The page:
No. 4-6554
157 S.W.2d 505Supreme Court of Arkansas
Opinion delivered January 12, 1942.

1. TAXATION — RELATIVE RIGHTS OF IMPROVEMENT DISTRICTS, AND THE STATE. — Where lands have forfeited to drainage district and the lien for betterments has been foreclosed, such property is not subject to sale for state and county taxes while the district holds in its governmental capacity. 2. JUDGMENTS AND DECREES. — Recitals in a decree that betterments due drainage district and apportionable to 1930 had not been paid could not be set aside in collateral attack upon the allegation that the taxes were, in fact, paid. 3. TAXATION — STATE’S TAX TITLE. — While at the yearly sale of lands delinquent for state and county taxes the county collector acts for the state and bids the property in, in the absence of private offers, title absolute does not become vested until the county clerk, not earlier than two years after such sale, has caused the certified list to be registered. Pope’s Digest, 13876.

Appeal from Clay Chancery Court, Eastern District; J. F. Gautney, Chancellor; reversed.

Verlin E. Upton and E. G. Ward, for appellant.

Arthur Sneed, for appellee.


The appeal is from a decree awarding forty acres to W. R. Raborn, who sued Central Clay Drainage District. The district claims title under a

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decree of February, 1932, by which liens for 1930 were foreclosed. Deed of O. C. Grider, commissioner, was approved in November, 1932.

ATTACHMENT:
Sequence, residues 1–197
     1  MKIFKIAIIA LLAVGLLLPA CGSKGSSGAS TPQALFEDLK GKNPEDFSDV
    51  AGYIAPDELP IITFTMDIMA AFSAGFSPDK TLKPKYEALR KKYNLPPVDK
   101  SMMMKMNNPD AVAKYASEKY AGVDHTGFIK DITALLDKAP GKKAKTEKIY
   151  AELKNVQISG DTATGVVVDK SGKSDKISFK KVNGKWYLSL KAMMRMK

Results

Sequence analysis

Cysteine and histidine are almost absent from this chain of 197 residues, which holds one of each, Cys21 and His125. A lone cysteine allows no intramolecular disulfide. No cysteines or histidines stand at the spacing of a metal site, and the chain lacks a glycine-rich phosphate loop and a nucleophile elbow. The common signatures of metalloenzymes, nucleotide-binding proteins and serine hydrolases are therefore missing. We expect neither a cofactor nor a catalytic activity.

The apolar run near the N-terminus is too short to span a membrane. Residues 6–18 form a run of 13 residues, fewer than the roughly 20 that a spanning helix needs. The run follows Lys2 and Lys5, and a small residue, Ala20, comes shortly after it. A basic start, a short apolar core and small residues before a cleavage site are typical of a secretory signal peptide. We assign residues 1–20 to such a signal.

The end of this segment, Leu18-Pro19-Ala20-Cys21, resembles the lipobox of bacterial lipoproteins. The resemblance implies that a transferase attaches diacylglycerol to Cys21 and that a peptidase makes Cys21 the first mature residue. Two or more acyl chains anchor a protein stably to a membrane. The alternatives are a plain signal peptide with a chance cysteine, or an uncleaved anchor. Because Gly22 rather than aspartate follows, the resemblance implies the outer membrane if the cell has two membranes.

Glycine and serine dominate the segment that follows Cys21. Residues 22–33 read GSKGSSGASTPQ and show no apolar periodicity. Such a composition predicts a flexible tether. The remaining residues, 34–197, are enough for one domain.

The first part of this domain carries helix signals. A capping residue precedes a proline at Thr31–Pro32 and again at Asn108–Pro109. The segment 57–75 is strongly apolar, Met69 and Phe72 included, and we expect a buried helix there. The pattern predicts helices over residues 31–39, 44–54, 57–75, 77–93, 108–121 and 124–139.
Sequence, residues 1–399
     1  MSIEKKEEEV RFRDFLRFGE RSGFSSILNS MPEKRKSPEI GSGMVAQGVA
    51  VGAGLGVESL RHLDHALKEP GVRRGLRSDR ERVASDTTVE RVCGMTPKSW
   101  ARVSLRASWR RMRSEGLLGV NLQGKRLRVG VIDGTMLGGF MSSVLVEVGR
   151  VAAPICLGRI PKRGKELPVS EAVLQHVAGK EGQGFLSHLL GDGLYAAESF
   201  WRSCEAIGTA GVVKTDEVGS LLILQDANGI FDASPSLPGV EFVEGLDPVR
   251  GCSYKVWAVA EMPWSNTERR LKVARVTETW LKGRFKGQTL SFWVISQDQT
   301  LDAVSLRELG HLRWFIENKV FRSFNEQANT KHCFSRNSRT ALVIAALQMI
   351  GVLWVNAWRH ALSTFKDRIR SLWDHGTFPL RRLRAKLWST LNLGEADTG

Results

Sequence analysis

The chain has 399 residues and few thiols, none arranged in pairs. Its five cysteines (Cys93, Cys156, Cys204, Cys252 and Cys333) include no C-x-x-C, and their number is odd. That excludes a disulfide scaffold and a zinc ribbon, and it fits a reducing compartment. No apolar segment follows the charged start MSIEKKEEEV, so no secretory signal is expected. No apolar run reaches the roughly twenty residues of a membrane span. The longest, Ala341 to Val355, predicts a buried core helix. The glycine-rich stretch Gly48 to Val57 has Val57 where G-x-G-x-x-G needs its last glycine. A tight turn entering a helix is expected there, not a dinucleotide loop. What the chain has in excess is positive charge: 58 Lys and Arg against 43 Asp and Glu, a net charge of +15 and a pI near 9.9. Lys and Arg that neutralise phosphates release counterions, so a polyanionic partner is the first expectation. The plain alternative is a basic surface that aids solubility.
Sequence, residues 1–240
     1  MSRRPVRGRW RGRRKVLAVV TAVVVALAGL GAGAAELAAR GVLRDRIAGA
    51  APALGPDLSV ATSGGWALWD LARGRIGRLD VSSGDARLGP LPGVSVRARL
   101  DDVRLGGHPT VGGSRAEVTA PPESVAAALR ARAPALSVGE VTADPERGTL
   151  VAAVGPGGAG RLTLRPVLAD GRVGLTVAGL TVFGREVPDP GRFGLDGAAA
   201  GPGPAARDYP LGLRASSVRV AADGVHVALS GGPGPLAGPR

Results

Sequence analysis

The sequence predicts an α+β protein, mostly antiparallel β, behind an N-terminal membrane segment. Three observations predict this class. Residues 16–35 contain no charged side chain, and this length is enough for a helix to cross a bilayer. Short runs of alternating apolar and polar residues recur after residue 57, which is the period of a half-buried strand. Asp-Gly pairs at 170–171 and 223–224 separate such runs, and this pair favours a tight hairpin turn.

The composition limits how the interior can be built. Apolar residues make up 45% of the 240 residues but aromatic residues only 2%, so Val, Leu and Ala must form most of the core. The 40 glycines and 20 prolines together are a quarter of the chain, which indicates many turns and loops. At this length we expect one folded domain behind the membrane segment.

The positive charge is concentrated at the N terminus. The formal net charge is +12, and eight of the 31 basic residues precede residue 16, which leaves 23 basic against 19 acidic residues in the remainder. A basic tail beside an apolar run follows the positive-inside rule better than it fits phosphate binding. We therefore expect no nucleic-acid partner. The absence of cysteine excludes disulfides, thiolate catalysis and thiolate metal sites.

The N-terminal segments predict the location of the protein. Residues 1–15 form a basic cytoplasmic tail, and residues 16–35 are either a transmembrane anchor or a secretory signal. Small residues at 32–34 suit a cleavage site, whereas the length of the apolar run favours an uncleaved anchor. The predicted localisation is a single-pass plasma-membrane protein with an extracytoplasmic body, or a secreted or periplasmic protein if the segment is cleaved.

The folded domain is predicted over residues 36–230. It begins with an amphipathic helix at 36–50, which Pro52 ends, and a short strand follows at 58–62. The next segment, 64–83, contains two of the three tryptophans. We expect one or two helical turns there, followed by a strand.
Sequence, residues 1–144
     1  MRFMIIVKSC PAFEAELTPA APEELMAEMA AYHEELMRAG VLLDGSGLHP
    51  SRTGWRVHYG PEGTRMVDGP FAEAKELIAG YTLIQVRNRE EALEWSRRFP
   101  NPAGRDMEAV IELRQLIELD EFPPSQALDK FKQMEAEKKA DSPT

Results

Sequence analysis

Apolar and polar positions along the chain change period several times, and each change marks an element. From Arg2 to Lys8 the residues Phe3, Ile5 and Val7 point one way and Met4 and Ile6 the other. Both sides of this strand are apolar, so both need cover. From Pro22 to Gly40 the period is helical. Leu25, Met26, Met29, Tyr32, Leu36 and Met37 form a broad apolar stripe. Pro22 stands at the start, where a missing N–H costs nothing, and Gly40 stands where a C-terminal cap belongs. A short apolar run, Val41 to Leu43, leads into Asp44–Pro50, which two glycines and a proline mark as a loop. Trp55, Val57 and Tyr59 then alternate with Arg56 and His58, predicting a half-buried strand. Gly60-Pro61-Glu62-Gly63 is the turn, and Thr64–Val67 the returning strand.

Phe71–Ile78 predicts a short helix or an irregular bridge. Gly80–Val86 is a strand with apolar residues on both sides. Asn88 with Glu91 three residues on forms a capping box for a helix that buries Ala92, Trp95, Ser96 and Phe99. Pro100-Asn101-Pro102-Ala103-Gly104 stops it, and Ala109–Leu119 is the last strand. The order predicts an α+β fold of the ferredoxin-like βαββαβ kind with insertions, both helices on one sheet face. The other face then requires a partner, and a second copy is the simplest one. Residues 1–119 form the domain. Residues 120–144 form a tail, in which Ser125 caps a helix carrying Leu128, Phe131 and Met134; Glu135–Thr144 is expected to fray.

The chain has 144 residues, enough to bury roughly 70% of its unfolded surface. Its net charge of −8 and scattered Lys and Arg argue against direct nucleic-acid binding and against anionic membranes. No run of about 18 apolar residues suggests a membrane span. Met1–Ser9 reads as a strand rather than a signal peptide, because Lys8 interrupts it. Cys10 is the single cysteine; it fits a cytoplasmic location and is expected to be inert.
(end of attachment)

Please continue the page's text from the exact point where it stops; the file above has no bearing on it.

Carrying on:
Raborn imputes fraud to the district, contending that betterments apportionable to 1930 had been paid. The court, it was alleged, was deceived when the decree was procured.

Transactions by which appellee claims to have acquired title are these: The land became delinquent in 1934 for 1933 state and county taxes.[1] Not having been privately purchased at the collector’s sale, it was certified as state-acquired; and in December, 1936, the county clerk made his certificate to the commissioner at Little Rock. In April, 1938, state’s title was confirmed.[2] Act 119 of 1935. The land commissioner issued his deed in favor of Raborn in February, 1940.

In an amendment to his complaint, appellee alleged that the land forfeited for delinquent state and county taxes assessed for 1930, and that J. P. Sherrill, record owner, redeemed in December, 1933, under provisions of Act 2, approved August 18, 1933; therefore, it is argued, title was in the state when the drainage district foreclosed its lien, and the district could not acquire title.